Here’s good news for supervisors who are afraid of making the wrong disciplinary decision: Employers don’t have to be right every time about the underlying reasons for disciplinary action. Instead, what counts is acting in good faith.
Recent case: Jorge Ruiz was a mental-health worker who got good reviews and earned a promotion. Shortly after the promotion, a patient accused him of sexual assault and he was suspended with pay, pending an investigation. Ultimately, he was reinstated because the investigator concluded the patient’s allegations weren’t credible.
Later, two co-workers accused Ruiz of sexual harassment. Then he accused them of having inappropriate relationships with patients. Then yet another patient accused Ruiz of raping her. Those charges were also dismissed.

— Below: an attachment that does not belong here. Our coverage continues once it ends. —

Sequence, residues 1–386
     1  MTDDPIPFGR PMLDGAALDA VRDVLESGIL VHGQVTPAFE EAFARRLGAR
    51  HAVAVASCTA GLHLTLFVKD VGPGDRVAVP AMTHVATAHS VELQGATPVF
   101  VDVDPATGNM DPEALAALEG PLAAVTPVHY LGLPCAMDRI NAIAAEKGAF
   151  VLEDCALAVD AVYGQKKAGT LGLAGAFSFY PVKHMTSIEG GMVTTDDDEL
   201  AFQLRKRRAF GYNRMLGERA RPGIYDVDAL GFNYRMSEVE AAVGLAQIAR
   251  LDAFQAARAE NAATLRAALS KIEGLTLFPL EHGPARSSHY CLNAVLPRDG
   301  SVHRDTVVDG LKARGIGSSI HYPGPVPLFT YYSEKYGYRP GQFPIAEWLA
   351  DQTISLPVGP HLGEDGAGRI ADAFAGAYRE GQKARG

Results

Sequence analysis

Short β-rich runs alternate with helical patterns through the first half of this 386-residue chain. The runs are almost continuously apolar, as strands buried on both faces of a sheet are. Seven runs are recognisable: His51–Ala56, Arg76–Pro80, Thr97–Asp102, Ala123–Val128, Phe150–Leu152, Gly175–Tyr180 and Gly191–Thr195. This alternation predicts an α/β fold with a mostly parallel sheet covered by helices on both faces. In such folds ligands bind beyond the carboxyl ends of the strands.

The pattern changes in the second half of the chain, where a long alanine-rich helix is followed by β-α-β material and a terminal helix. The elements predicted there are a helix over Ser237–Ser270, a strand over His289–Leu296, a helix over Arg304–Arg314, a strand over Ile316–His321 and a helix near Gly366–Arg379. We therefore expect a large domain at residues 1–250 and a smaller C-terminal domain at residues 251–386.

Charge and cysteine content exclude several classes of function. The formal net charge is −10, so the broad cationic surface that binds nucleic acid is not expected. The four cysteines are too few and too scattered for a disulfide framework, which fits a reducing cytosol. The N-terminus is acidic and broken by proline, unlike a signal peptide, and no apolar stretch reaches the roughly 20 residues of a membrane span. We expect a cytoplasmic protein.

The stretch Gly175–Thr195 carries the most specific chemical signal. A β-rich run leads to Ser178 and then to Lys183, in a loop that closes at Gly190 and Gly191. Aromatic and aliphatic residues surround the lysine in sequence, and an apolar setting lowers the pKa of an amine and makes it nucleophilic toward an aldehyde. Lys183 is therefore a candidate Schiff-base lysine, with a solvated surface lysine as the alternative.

Ruiz was fired, ostensibly because he had failed to report his co-workers’ relationships with patients before they accused him of sexual harassment and because of his history of being accused.
He sued, claiming he had been singled out for termination because he was Hispanic.
The court dismissed his case. It reasoned that while Ruiz might be able to prove that he was fired because his employer falsely believed he had abused patients, that didn’t make the decision to terminate him illegal. An employer can be honestly wrong.
Ruiz wasn’t fired because he was Hispanic, but because his employer thought he was trouble. (Ruiz v. County of Rockland, No. 09-0759, 2nd Cir., 2010)
- How to Fire an Employee the Legal Way: 6 Termination Guidelines
- Employee takes false allegations to the press? You can sue for defamation
- Your new litigation danger: Conspiracy charges against rogue managers
- Can deciding not to discipline lead to court?
- Prompt corrective action limits harassment liability